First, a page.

Hello! I'm currently enrolled in the 2 year RPN program in a school in Ontario. I was iffy about taking the 4 year RN program and then I heard about some schools
in Michigan having a fast track bridging program to upgrade to an RN in less than 2 years. One of these schools being http://www.sc4.edu/
. Now I looked into other schools such as Wayne state and they still require a bachelors degree to upgrade to RN even if you have your RPN, which would be another 4 years plus whatever the RN would be for that school. Any comments on upgrading from RPN to an RN once I finish or did I make the mistake of not taking the 4 year program instead? I'm not really familiar with any other Ontario colleges that offer choices like this so any school in Michigan that offers an upgrading program and the steps that I would have to go through after completing my RPN would be greatly appreciated!! Thanks.
Aug 28, '13
The USA and Canada have drastically different educational systems and licensure boards where nursing is concerned. In the US, they have RPNs (1 year degree), and RNs who either have an ADN (2 y) or BSN (3y).
When Americans with ADNs come to canada, they are seen as equivalent to RPNs even though they were recognized as RNs in the USA. Since you are already pursuing an RPN, you would just be earning a duplicate degree basically. So earning an ADN is a waste of time for you, unless you're planning on moving to the USA instead. In almost all provinces, Canadian RNs need a BScNs or a BSN, not an associates degree. Unless you're planning on moving to Quebec, but then you'd need to learn French.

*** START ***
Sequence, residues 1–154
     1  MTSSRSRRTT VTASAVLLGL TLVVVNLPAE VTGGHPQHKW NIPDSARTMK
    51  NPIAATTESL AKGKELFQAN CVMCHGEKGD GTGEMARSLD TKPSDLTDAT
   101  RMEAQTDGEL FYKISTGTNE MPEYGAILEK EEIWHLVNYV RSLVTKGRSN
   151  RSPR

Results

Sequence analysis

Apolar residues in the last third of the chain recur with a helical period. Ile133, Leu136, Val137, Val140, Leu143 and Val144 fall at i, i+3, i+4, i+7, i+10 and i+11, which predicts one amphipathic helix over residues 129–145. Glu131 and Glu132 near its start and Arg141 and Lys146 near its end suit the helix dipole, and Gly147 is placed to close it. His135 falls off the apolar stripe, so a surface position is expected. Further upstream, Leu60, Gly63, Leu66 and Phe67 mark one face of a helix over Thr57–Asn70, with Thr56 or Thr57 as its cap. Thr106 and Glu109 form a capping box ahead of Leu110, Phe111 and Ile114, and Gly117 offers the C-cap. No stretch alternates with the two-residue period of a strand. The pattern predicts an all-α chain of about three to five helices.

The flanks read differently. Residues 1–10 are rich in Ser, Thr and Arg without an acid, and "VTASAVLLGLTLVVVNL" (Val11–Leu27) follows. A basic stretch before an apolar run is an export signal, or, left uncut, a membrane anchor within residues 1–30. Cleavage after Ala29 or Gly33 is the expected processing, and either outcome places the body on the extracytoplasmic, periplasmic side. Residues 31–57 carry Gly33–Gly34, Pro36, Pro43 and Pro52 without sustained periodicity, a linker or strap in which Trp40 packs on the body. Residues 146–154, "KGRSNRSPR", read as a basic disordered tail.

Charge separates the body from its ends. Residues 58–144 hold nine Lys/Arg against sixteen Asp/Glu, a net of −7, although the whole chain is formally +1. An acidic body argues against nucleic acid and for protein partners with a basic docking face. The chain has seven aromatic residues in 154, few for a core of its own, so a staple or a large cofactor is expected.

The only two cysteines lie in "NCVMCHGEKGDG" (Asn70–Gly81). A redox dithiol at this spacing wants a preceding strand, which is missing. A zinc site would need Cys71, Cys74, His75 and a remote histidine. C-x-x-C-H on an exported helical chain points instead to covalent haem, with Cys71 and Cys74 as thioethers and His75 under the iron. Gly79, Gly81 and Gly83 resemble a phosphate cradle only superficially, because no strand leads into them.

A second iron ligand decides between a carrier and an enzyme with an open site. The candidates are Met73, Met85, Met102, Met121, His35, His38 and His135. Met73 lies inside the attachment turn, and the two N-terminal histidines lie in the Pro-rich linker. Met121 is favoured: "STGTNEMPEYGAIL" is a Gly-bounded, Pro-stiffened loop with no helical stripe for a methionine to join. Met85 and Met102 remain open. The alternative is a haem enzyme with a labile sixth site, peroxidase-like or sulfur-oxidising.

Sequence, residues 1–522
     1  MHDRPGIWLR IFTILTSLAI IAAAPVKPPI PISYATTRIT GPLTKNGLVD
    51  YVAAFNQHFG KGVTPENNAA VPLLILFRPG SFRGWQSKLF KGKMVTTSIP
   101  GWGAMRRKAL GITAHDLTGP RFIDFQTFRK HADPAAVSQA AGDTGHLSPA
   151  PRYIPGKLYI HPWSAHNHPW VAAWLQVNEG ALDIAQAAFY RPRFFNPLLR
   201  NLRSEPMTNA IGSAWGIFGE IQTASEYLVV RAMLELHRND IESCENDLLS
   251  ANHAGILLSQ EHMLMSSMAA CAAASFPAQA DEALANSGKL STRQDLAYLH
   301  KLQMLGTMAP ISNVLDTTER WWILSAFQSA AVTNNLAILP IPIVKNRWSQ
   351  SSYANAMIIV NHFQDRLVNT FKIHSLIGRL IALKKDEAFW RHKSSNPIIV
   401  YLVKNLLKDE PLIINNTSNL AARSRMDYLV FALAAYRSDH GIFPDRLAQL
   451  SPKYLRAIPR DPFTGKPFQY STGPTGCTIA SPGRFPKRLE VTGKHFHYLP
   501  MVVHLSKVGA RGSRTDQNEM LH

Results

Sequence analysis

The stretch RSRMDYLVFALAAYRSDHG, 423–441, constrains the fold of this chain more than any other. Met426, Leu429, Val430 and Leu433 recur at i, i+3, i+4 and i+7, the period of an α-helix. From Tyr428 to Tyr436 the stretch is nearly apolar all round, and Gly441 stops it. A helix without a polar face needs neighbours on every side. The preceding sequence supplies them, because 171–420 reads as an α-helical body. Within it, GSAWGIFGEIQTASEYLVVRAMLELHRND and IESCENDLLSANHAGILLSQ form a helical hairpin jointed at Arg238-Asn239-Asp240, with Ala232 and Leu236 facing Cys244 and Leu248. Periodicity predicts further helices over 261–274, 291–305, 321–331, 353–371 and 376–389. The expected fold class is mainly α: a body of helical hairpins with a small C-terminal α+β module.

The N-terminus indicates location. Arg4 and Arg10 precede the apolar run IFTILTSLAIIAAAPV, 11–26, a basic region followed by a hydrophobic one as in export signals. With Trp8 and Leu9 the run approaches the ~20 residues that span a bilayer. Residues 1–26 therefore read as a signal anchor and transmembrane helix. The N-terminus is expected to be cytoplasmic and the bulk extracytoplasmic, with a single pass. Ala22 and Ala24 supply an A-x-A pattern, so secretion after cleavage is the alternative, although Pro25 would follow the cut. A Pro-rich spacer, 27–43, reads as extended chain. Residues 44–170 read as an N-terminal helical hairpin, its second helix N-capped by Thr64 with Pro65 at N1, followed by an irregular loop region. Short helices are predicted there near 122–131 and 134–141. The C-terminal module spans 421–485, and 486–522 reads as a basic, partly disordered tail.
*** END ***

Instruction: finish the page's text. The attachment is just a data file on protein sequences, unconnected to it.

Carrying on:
If you are pursuing a BSN program in the US, you're gonna have a lot of bureaucratic hoops to jump through when you get here, possibly have to apply here for an internationally educated nurse program, and if that Michigan program isn't recognized by the CNO it will be garbage, and you'll almost definitely have a harder time finding a job since you won't have any local placements or contacts here.
If you're planning on moving to the USA permanently, you're going to have a lot of bureaucratic hoops to jump through both as a student and especially when entering the workforce, potentially be denied immigration, and have a harder time finding a job because you're not a US citizen and Michigan isn't the best job market from what I gather.
There are RPN to BScN programs here in Ontario, they take about 2 1/2 years. I suggest you talk to your college counselor about those options, and look into george brown and mohawk and others.
Why do you want to go to Michigan anyway?
Last edit by clorox on Aug 28, '13
Sep 22, '13
Last edit by deannahamid on Feb 26, '14
: Reason: updating it